Detection of tick-borne bacteria from whole blood using 16S ribosomal RNA gene PCR followed by next-generation sequencing

Kyle G. Rodino, Matthew J. Wolf, Sarah Sheldon, Luke C. Kingry, Jeannine M. Petersen, Robin Patel, Bobbi S. Pritt

Research output: Contribution to journalArticlepeer-review


Reported cases of tick-borne diseases have steadily increased for more than a decade. In the United States, a majority of tick-borne infections are caused by bacteria. Clinical diagnosis may be challenging, as tick-borne diseases can present with similar symptoms. Laboratory diagnosis has historically relied on serologic methods, which have limited utility during the acute phase of disease. Pathogen-specific molecular methods have improved early diagnosis, but can be expensive when bundled together and may miss unexpected or novel pathogens. To address these shortcomings, we developed a 16S rRNA gene PCR with a next-generation sequencing (NGS) approach to detect tick-borne bacteria in whole blood. A workflow was optimized by comparing combinations of two extraction platforms and two primer sets, ultimately pursuing DNA extraction from blood with the MagNA Pure 96 and PCR amplification using dual-priming oligonucleotide primers specific to the V1-V3 region of the 16S rRNA gene. The amplified product underwent modified Illumina 16S metagenomics sequencing library preparation and sequencing on a MiSeq V2 Nano flow cell, with data analysis using Pathogenomix RipSeq NGS software. Results with the developed method were compared to those from a V1-V2 16S rRNA gene primer set described by the Centers for Disease Control and Prevention (CDC). The V1-V3 assay demonstrated equivalent performance to the CDC assay, with each method showing concordance with targeted PCR results in 31 of 32 samples, and detecting 22 of 23 expected organisms. These data demonstrate the potential for using a broad-range bacterial detection approach for diagnosis of tick-borne bacterial infection from blood.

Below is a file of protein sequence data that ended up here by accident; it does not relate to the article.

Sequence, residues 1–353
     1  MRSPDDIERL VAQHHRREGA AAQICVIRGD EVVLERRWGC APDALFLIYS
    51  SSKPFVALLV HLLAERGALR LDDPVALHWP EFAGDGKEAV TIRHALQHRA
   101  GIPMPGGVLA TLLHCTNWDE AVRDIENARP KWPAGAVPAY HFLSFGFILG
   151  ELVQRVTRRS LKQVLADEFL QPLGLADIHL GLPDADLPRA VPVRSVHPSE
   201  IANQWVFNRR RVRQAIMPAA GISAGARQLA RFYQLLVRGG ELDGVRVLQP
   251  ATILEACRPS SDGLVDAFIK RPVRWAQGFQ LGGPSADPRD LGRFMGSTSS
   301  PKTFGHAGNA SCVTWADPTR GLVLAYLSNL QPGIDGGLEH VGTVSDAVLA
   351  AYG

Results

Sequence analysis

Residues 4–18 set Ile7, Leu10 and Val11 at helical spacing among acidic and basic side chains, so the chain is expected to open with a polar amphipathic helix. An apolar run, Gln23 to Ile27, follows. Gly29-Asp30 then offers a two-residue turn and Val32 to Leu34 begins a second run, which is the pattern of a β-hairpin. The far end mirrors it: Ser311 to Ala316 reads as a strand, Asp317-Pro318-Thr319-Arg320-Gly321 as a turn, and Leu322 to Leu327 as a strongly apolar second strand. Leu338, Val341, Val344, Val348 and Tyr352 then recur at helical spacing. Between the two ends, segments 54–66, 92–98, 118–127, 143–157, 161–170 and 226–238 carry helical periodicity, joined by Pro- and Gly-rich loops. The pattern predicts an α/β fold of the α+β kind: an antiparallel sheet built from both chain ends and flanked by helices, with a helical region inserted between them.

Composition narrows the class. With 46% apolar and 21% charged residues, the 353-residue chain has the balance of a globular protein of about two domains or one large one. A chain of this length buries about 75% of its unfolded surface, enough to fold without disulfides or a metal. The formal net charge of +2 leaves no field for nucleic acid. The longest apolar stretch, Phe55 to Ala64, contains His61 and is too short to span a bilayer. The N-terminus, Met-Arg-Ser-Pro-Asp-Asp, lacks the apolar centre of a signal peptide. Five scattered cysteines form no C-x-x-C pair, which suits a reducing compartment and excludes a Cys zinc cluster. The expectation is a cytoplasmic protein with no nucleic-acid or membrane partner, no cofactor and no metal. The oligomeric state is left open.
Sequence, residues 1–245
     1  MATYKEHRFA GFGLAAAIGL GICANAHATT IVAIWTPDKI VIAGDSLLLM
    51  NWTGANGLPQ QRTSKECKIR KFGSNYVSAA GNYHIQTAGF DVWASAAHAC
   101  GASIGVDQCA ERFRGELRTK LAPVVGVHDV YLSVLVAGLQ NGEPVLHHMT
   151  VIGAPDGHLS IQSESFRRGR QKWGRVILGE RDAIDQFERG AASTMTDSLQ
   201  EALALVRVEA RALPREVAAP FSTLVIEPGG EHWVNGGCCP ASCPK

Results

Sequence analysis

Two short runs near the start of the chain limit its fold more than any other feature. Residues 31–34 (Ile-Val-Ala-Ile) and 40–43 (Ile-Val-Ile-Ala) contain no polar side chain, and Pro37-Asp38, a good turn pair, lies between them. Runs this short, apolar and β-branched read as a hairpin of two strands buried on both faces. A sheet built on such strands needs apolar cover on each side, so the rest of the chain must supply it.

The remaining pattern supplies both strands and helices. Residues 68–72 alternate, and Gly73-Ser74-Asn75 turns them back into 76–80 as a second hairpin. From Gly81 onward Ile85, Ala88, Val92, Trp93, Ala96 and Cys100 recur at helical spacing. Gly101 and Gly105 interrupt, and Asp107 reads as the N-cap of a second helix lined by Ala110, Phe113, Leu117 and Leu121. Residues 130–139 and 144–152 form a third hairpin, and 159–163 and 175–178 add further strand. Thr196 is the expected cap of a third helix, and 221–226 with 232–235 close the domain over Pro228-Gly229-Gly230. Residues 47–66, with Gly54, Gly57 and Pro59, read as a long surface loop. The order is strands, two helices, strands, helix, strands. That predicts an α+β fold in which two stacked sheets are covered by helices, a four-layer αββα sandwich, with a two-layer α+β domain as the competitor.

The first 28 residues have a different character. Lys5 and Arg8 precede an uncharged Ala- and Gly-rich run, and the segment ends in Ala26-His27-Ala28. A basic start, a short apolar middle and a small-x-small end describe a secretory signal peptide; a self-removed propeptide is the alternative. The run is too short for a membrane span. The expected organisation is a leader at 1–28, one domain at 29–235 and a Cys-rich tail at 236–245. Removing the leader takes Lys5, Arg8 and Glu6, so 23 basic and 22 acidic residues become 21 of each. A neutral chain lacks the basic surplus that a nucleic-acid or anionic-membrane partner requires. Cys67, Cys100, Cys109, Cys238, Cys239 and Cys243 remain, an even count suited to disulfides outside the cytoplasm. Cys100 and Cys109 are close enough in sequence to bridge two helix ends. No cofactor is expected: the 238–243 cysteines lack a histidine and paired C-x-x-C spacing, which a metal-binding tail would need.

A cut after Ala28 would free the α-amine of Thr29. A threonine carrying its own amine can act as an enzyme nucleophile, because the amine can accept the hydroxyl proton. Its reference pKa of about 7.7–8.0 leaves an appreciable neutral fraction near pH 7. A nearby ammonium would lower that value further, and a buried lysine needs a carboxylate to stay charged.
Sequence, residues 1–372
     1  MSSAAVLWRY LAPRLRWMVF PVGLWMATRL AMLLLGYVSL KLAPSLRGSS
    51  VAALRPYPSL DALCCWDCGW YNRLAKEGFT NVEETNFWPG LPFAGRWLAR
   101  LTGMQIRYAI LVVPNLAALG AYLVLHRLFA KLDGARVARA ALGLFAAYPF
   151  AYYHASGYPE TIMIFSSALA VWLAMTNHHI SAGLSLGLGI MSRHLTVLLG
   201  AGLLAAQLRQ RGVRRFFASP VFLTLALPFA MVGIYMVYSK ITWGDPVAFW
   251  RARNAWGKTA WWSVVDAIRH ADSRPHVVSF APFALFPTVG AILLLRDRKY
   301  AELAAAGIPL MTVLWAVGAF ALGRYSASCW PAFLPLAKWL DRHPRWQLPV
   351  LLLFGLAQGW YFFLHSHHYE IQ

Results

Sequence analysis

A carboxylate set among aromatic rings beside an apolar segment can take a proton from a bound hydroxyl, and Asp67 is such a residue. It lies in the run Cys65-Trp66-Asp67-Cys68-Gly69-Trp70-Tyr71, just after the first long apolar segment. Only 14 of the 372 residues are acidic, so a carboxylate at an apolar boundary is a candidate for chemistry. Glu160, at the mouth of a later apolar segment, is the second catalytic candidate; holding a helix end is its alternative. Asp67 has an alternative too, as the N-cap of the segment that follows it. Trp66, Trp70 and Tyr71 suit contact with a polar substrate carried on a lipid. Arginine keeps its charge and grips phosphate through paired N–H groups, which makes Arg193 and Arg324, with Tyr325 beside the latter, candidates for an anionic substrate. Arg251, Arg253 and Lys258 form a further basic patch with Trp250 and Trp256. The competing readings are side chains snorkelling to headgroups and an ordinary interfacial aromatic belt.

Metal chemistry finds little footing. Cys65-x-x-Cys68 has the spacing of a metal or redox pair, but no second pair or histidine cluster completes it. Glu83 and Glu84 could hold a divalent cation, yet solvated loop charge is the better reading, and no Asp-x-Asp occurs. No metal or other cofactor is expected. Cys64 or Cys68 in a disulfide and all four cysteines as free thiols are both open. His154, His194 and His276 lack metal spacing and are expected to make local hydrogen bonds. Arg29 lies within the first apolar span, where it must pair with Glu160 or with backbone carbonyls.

Original languageEnglish (US)
Article numbere03129-20
JournalJournal of clinical microbiology
Issue number5
StatePublished - May 2021


  • Metagenomics
  • Tick-borne pathogens

ASJC Scopus subject areas

  • Microbiology (medical)


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